Lake Union Floating Home by Vandeventer + Carlander Architects


Some floating homes have been built on Lake Union, and this design is one of them. This design was done by Vandeventer + Carlander Architects, located at the second position from the end of the dock. It affords views to the south of downtown Seattle and diagonally to Lake Union. The final design strives to meet comfortable living and gracious entertaining   that transforms what could be a banal “box” into one with architectural integrity.

The public spaces are located on 2nd floor, and the private spaces are located on float level to maximize both interior volume and outdoor entertaining spaces. With these strategy will make entertaining spaces look out onto a large south facing terrace. It is accessed by a sliding wall system that enables it to become a direct extension of the interior spaces, blurring the distinction between inside and outside.

The entry, guest bed room, bath rooms and master bedroom can be found at float level. The moorage of a boat are provided at the east side. The master bedroom’s private terrace is located at the south. More glass windows are used for each bedroom to provide lights and views. A translucent stair tower knits the two floors together and becomes a central visual element at night when lit.

Aluminum panels complement  the storefront windows on the float level, and Slatescape Xtreme panels blend with Alaskan Yellow Cedar windows on the second level. Second level public spaces are clad in Slatescape Xtreme fiber cement panels. Service areas are clad in aluminum panels. The selection of woods such as mahogany for entry level casework and zebrawood on upper level cabinets build on the clientsí rich and eclectic furniture collection. Light hued bamboo flooring and Alaskan yellow panels at walls and ceilings recede into the background allowing the stronger furnishing elements to come forward.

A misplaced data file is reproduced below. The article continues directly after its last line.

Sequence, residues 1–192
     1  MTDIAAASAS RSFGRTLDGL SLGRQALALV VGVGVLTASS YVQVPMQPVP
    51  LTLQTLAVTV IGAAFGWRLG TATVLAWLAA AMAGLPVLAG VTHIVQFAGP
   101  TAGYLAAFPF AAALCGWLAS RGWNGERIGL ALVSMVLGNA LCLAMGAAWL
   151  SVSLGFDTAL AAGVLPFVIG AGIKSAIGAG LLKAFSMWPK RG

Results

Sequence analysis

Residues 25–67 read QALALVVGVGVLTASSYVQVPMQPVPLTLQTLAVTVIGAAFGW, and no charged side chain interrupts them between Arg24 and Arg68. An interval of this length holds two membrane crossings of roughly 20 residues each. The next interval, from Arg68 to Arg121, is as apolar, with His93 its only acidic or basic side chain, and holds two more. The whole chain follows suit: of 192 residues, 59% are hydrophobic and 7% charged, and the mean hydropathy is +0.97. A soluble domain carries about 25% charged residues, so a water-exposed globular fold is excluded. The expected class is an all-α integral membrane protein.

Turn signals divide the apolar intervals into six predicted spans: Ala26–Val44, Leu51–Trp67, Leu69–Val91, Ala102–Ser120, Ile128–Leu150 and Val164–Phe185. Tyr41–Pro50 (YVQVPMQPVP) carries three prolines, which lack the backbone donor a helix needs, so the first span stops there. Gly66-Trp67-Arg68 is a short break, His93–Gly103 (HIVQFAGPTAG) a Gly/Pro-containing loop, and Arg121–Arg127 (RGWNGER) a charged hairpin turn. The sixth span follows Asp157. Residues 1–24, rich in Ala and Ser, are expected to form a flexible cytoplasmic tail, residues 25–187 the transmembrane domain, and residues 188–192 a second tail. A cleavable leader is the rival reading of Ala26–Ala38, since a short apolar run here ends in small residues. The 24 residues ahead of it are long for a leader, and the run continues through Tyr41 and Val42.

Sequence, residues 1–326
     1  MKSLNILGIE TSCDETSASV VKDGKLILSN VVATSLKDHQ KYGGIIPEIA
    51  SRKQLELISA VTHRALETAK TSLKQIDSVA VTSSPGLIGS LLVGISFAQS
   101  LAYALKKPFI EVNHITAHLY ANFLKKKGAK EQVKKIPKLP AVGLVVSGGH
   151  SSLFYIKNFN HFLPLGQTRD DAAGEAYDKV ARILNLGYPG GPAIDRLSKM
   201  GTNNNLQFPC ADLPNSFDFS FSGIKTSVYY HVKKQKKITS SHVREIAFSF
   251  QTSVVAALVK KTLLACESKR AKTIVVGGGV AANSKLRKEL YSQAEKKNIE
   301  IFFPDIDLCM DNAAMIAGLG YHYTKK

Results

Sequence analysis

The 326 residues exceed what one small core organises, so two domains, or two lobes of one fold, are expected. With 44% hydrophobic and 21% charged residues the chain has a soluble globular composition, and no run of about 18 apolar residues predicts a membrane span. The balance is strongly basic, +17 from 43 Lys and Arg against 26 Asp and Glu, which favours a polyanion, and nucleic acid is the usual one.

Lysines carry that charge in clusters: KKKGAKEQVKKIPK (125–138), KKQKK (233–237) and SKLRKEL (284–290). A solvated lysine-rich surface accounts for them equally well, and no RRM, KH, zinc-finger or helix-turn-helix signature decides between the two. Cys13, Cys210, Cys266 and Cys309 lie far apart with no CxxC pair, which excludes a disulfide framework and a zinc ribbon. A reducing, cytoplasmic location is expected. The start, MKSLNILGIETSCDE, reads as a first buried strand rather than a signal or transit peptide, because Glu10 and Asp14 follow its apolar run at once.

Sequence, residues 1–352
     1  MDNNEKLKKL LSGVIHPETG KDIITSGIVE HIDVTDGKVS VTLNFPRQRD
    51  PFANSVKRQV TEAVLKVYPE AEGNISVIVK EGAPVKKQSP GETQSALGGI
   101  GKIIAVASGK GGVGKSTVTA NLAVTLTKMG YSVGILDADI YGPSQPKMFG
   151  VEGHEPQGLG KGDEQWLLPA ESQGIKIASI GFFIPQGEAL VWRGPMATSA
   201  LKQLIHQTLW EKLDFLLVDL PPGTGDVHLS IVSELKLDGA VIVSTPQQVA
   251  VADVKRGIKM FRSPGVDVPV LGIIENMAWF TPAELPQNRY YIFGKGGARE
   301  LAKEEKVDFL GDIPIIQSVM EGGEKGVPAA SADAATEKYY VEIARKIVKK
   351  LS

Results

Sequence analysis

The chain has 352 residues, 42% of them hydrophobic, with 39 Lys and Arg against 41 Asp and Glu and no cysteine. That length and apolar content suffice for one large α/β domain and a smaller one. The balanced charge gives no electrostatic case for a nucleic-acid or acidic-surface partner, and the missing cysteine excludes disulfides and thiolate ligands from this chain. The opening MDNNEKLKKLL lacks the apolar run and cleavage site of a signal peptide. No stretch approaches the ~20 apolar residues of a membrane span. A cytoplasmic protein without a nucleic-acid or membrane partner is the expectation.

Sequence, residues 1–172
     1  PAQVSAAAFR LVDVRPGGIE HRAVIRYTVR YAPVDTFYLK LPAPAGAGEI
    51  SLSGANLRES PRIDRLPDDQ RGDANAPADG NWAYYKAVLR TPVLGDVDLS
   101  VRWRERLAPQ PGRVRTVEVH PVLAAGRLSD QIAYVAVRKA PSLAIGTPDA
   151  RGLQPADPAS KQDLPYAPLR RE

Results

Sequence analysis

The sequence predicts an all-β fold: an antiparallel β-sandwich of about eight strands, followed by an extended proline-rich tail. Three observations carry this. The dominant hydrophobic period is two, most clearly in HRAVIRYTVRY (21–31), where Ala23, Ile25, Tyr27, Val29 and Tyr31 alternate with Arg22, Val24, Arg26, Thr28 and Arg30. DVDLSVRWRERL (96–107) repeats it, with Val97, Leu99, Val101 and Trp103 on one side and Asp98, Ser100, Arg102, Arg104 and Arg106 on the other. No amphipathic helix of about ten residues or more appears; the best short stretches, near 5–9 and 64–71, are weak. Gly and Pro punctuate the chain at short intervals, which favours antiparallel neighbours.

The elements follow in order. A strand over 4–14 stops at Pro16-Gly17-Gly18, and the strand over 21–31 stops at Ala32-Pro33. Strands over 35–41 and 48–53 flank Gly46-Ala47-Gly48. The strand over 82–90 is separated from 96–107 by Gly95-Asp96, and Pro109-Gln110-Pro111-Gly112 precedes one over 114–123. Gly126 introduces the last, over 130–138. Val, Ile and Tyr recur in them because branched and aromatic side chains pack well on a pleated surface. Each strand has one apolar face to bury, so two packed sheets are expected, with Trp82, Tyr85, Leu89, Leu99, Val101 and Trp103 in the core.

In response to environmental concerns, the location and treatment of glazing promote passive heating and cooling while providing abundant natural light. Sun screens and overhangs provide effective summer shading. Efficient hydronic in-floor heating utilizes an energy efficient heat pump system and the fresh air ventilation system utilizes an energy saving heat exchanger.

Source:  Vandeventer + Carlander ArchitectsArchitecture 4 us




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